In order to achieve a deeper understanding of orofacial biofunctions and to better explain previously detected significant interactions between deglutition, oral posture, and malocclusions, the aim of the present study was to assess the intraoral pressure curve characteristics at the VS and SPS of groups of subjects with different occlusal traits (neutral occlusion, Angle Class II/1, Angle Class II/2, and open bite malocclusion), at rest and during different oral postures and functional maneuvers. We tested the null hypothesis that there is no significant difference in terms of pressure curve characteristics at the VS and SPS during functioning between them.
MATERIALS AND METHODS
The study received the full approval of the local ethics committee (No. 27/7/09). Sixty-nine subjects (male/female = 29/40; mean age/standard deviation [SD] = 18.43/6.60 years; Table 1) were consecutively recruited by one assessor at two centers (University of Göttingen, Germany; Private Practice, Itzehoe, Germany), according to the inclusion and exclusion criteria presented in Table 1.
Within the time period of July 1, 2009, to October 31, 2012, initial diagnostic plaster casts of all new patients were screened. Based on their occlusal traits, subjects were assigned to one of four malocclusion groups. The definitions and compositions of those groups are provided in Table 1, as follows: group l, norm-occlusion subjects; groups II1 and II2, subjects characterized by an Angle Class II/1 or II/2 malocclusion and clinically proclined (II1) or reclined incisors (II2); and group O, subjects characterized by an anterior open bite of least of 1 mm.
Materials and Methods
Recordings of different pressures at the interocclusal or VS and at the SPS were performed chairside, with the head in the natural position, by a single operator (C.N.). A digital precision pressure meter (GMH3156; with two piezo-resistant relative pressure sensors GMSD350MR; measuring range/resolution 500/0.1 mbar (rel); software: GSOFT3050; Greisinger, Regenstauf, Germany) was connected by flexible polyvinyl chloride tubes (4-mm inside diameter) to the VS and SPS. A thin flexible cap of a venous catheter (Braun, Melsungen, Germany) served as the end piece at the SPS; it was threaded through the dental arches. A dental suctor’s end cap was attached to the VS tube and placed lateral to the premolar region (VS) in order to avoid blocking by soft tissues (Figure 1).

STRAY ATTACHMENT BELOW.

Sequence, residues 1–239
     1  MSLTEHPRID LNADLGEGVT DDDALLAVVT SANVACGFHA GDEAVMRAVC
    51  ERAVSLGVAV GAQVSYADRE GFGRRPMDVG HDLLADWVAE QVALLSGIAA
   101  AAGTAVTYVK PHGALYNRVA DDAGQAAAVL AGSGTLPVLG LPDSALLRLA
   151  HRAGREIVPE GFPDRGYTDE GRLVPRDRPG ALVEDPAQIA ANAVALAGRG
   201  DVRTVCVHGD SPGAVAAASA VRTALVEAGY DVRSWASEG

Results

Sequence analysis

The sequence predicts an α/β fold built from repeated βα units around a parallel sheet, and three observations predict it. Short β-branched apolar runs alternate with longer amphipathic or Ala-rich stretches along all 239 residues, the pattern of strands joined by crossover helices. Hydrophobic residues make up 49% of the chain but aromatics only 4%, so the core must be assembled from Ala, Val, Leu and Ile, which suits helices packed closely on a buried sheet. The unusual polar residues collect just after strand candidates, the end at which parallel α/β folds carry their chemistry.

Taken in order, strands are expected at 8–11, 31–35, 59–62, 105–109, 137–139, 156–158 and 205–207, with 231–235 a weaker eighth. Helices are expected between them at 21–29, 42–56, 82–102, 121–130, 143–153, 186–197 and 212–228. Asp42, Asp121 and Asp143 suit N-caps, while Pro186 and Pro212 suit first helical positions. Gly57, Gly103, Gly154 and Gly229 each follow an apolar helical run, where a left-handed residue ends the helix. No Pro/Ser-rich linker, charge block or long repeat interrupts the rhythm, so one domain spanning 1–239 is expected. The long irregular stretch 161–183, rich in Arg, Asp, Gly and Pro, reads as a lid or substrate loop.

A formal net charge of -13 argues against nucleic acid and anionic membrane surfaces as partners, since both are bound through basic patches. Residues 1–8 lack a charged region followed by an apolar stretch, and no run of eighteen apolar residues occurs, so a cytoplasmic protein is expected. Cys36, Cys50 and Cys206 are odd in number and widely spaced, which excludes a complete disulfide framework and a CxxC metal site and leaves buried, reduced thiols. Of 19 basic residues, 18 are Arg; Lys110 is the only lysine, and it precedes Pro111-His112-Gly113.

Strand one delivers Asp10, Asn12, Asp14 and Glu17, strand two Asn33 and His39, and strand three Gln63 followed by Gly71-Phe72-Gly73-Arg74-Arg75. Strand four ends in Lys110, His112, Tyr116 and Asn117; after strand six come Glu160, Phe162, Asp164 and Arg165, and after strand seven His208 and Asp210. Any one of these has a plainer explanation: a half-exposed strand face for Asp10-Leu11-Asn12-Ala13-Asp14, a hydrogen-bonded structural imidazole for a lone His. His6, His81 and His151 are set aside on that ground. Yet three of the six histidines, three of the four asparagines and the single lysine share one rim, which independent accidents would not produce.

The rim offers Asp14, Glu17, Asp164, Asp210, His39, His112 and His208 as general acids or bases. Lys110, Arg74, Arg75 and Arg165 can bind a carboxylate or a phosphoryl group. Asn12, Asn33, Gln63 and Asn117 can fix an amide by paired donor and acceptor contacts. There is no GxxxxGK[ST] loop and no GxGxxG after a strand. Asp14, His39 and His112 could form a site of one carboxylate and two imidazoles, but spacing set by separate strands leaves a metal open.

Definition of oral postures during recordings
Measurements were repeated three times with each participant. Each pressure recording cycle lasted for 3 minutes and was divided into six sections or stages: Participants were instructed to perform different maneuvers or to adopt defined oral postures (Table 2). Each participant was carefully instructed and trained prior to initiations of the recordings.
The first and the last 5 seconds of each assessment interval were cut in order to receive measurements at rest. Different parameters were extracted from the recorded pressure curves in order to assess the influence of the factors of malocclusion (groups I, II1, II2, and O) and localization of intraoral compartment (VS, SPS) separated by six sections. These were the area under the curve (AUC), frequencies and median heights (mbar) of swallowing peaks (defined as a change of pressure of 5 or more mbar in less than 1 second and a second change [decrease] within 5 seconds), pressure plateaus of >5 seconds, and median plateau duration (seconds). Signal extraction was implemented using a methodology proposed previously.14
Extracted curve parameters of all malocclusion groups were globally compared by assessment section and compartment location using the Kruskal-Wallis test. In case of significant differences, pairwise comparisons of malocclusion groups and assessment sections were implemented, separately for the VS or SPS compartment, using Mann-Whitney U-tests. All analyses were performed using the software R (www.r-project.org), adopting an α level of.05.